2013 Honda Accord Coupe V6 Manual: Two fewer doors means more fun
By now reviews of the 2013 Honda Accord coupe are turning into clichés. Many joke that husbands can fool their wives into thinking theyve bought a responsible family car when, in fact, the two-door version of the Accord is practically a sports cars.
Theres actually some truth to that old gag, however. Equipped with the optional V6 engine and six-speed manual transmission like the combination in our test car the Accord coupe is a blast to drive. With a healthy 278 horsepower on tap, its fast off the line. The transmission is a joy to shift, with short throws and a light feel. And the suspension is firm enough for hard cornering.
But no one is gong to be fooled into thinking that the coupe is a staid people mover. It hardly even looks like the four-door Accord. Although the front end is the same, the rear end is radically different shorter and much sportier looking, with a spoiler integrated into the trunk lid.
Of course, the bright red paint job on our test car didnt help hide its potential. It practically screamed irresponsibility. No wonder some reviewers have listed its competition as Mustangs and Camaros.
Few manufacturers make both coupe and sedan versions of the same car these days. Two- and four-door versions of both midsize and full-size cars used to be pretty common, however. Although the coupes were supposed to be sportier, most werent mechanically all that different from the sedans, however. They came with front bucket seats to ease entry into the back and had hints of fastback styling, but that was about it.
Honda has taken a different approach with the Accord coupe, though. It is over 2 inches shorter and more than 150 pounds lighter than the sedan version. And as all hot rodders know, shorter and lighter means more agile and faster.
Of course, shorter also means less legroom, less cargo space or both. Honda has chosen to make most of the reduction in the rear seat area, which means it is now primarily suitable for children. But that has always been true of coupes. Just ask any adult whos ever tried to squeeze past a front bucket seat into the back of a two-door.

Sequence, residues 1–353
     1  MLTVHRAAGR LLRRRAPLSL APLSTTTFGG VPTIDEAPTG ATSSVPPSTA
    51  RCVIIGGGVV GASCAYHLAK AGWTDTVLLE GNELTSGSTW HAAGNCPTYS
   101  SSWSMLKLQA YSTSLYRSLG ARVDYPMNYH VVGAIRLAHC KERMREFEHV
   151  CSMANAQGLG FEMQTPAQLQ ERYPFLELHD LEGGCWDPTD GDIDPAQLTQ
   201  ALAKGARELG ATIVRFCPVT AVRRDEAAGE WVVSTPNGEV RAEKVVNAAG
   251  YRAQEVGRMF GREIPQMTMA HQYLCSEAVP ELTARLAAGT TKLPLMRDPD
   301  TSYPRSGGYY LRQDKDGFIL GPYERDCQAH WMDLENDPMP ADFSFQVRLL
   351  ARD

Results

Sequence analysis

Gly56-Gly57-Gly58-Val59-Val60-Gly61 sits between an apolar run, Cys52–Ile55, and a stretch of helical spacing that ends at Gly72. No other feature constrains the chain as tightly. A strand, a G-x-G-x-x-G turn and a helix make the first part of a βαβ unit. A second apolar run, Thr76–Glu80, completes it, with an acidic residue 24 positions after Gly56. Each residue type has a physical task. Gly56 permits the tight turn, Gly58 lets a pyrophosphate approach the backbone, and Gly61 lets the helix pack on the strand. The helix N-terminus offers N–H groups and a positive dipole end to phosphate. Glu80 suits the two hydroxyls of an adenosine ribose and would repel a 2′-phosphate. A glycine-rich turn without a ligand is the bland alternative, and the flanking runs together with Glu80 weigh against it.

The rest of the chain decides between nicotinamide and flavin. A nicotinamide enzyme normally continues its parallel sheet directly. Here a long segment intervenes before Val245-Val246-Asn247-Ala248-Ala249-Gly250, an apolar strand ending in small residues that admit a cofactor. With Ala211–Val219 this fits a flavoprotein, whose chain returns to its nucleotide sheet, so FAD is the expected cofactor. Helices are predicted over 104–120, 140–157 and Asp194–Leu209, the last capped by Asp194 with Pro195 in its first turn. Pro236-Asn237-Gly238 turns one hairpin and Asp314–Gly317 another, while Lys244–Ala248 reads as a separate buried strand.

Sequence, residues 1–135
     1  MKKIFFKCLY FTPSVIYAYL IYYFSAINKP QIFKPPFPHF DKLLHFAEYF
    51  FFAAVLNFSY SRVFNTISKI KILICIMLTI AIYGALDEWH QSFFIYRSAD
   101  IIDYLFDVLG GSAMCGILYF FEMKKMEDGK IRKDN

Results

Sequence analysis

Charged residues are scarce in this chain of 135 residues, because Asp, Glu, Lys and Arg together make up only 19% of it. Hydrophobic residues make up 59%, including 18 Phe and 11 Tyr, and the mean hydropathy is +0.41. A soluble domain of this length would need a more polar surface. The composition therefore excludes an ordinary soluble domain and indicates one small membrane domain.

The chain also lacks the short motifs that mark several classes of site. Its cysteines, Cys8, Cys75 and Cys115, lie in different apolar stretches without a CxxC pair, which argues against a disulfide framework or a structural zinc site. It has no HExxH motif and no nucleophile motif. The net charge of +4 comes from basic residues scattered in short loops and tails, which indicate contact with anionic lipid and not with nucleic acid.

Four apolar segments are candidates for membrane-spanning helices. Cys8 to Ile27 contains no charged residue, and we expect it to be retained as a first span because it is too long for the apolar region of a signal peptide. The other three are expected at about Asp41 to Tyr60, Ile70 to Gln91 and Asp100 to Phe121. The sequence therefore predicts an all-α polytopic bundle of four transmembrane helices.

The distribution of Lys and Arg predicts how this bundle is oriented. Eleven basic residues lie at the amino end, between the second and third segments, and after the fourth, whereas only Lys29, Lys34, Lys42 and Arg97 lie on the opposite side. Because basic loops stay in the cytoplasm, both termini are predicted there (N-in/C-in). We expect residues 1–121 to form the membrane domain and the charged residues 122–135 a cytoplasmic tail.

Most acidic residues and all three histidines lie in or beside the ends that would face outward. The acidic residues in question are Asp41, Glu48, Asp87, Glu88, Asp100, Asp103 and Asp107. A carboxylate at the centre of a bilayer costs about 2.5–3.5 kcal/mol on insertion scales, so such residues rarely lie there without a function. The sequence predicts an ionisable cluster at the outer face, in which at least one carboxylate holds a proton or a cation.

Honda has received well-deserved kudos for its overhaul of the Accord for 2013. After years of growing larger and softer, the company shrunk both the sedan and coupe, sharpening the exterior styling while upgrading the interior materials. Power was increased in all engines without reducing fuel economy. And prices were kept in check, at least on the lower trim models.
Our fully-loaded test car checked in at more than $32,000, which seems a little high until you understand everything in came with heated front leather sport seats, navigation system with rear view camera, sun roof, premium stereo system and connectivity for a wide range of personal electronic devices. It also had a camera built into the passenger side door-mounted mirror that activiates whenever the right turn signal is switched on. The view is shown on the same display screen in the center console where the rear view appears. It is excellent for spotting bicyclists zooming up from behind at intersections.
Our test car also has an Eco button for improving mileage. They usually work by dampening the throttle response, resulting in poorer performance but better fuel economy. Even in the Eco mode, our Accord coupe was plenty fast, although mileage was a little worse when it was turned off.
So dont plan on buying a 2013 Honda Accord coupe to fool anyone. Buy it because it is a sporty car that will make daily driving and weekend excursions much more fun. That way youll have nothing to apologize for.
Facts and figures (all models)
Model tested: Accord coupe.
Layout: Front engine, front-wheel-drive.
Styles: Two door car (as tested); four door car.
Engine: 2.4-liter inline 4 (185 hp, 181 lb-ft); 2.4-liter inline 4 (189 hp, 182 lb-ft); 3.5-liter V 6 (278 hp, 252 lb-ft as tested).
Transmission: Six-speed manual; six-speed automatic with manual shift mode; Continuously Variable Transmission.
EPA estimated city/highway/mileage: 26/35/29 (4/auto); 24/34/28 (4/six-speed); 21/34/25 (V6/auto); 18/28/22 (V6/manual – as tested).
Price: Beginning at approximately $21,680 ($32,000 as tested).